Debbie Knight

A day in the life: September 7, 2011

In research log on September 7, 2011 at 3:25 pm

From time to time, I will give a glimpse into the “glamorous” life of a research associate and talk about what I’m doing in the lab on a particular day. These entries I will call “A Day in the Life…” 

The lab I work in does very (very) limited animal studies — for which I’m grateful. While I understand the need for animal studies, I have a difficult time performing them myself. I love animals, great and small (except maybe reptiles, but I think that’s more of a misunderstanding than an exception).

We will be using mice in a study and we wanted to be sure that we performed a technique properly so that we don’t injure them by doing something the wrong way. So today we worked with a person from the University Laboratory Animal Resources (ULAR) to learn how to place a drug directly into the stomach of a mouse. This procedure is called “gavage” and it uses very thin tubing that you carefully place down the esophagus. This doesn’t hurt the mouse — especially if you put a little bit of sugar water on the outside of the tube (you know, a spoon full of sugar … ). Gavage ensures that the appropriate dose of the drug is received by each mouse in the study. We hope after phase 1 that we will be able to dope their food rather than have to gavage them.

The little white mice we practiced on were pretty cute and reminded me of some mice I once had as pets.

Former lab mice turned pets: Daisy (standing) and Dweezil (sleeping)

I rescued two laboratory mice that were used as controls in an experiment — it was an experiment from a researcher down the hall and she talked me into taking them. One mouse lived less than a year because it developed mammary tumors — a common malady in inbred lab mice. The other lived to a ripe old age of two years. She might have lived longer, but my curious cat  “helped” me one day by nudging and knocking “Daisy” out of my hand. Daisy landed on the carpet, but she succumbed to her injuries from the fall.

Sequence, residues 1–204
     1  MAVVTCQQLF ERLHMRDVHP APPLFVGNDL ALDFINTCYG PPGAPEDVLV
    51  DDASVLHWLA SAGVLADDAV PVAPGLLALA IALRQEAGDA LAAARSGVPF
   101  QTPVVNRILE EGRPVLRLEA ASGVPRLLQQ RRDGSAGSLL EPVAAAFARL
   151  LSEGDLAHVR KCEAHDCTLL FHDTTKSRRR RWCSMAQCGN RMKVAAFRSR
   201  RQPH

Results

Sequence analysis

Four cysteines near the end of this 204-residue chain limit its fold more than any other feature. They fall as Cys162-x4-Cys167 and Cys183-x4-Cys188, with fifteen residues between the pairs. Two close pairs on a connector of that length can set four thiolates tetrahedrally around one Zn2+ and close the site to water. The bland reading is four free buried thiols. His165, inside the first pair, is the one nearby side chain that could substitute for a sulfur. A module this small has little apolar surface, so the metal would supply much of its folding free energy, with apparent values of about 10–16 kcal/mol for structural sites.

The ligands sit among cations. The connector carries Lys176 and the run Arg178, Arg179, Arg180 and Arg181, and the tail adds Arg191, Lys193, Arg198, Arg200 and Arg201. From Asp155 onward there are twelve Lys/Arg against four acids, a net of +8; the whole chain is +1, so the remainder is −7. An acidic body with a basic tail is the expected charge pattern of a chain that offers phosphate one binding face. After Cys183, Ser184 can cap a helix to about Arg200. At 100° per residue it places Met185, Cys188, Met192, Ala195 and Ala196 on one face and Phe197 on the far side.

As Daisy aged, she had a hard time moving (arthritis?). But every day she would “run” on her wheel — although as she got older, her “run” slowed to more of a “walk.”  She was amazing.

The biggest lesson I learned from her? Keep on moving —  even if you don’t feel like it!

After Daisy, another researcher talked me into taking a hairless mouse — which was SO ugly it was cute. Unfortunately, I forgot that this particular mouse had a poor immune system. A month or so after I got her, I had a cold and managed to infect her with either a virus or bacteria, and she passed away.

I haven’t rescued any lab mice since then (although after today I’m thinking a rescued lab rat might make a nice pet).

Working with the mice today also reminded me of the very first time we worked with animals. It was with rats. I never really thought of rats as cute and cuddly before then (in fact I thought they were gross), but they “grew” on me. We had to weigh them daily for a month. We’d hold them and talk to them — kind of like having a pet. My boss and I made the rookie mistake of naming them. Names like Moe, Larry, and Curly (there were three in a cage). Curly turned out to be the heavy-weight, so he was aptly named. Names like Pinky and The Brain. Pinky had the cutest personality, similar to the cartoon character for which he was named. And The Brain figured out how to climb out of the beaker we weighed them in first — he was really smart … for a rat.

Anyway, at the end of a month, after we became really attached to the little critters, we had to euthanize them. That was the saddest day of our lives. I’m not a highly emotional person, but I cried.

After that, we learned not to give the rats or mice a NAME. But even when we assign them NUMBERS instead of a name, there are a few that stand out and, again, we grow attached. All this does is to make it harder to say goodbye to them when the experiment is over.

I don’t think I will ever be so callous to not be grateful for the sacrifice these furry little guys have made in the name of science. I know many students and scientists who feel the same way. Yes, there are some who use a large number of rats or mice in their studies and they’ve grown used to it.

I’ve never gotten “used to it,” and I hope I never will. I think it’s too important to appreciate and be thankful for their sacrifice — a sacrifice whereby I can lead a healthier, happier life. So, thank you, little furry guys and gals for all that you do!


  1. Hello Dr Debbie
    I stumbled on to your site when I saw a picture of a mouse with large ears on a google page. I am able to see pictures of animals in my mind. So I googled this one and this is the one that looks the closest to what my mind saw. I loved your heart warming story of taking care of the mice while doing experments. I wish every scientist were so kind. I just wanted to ask if you ever had a white mouse named Dumbo?
    Sincerely Andrea Aberle

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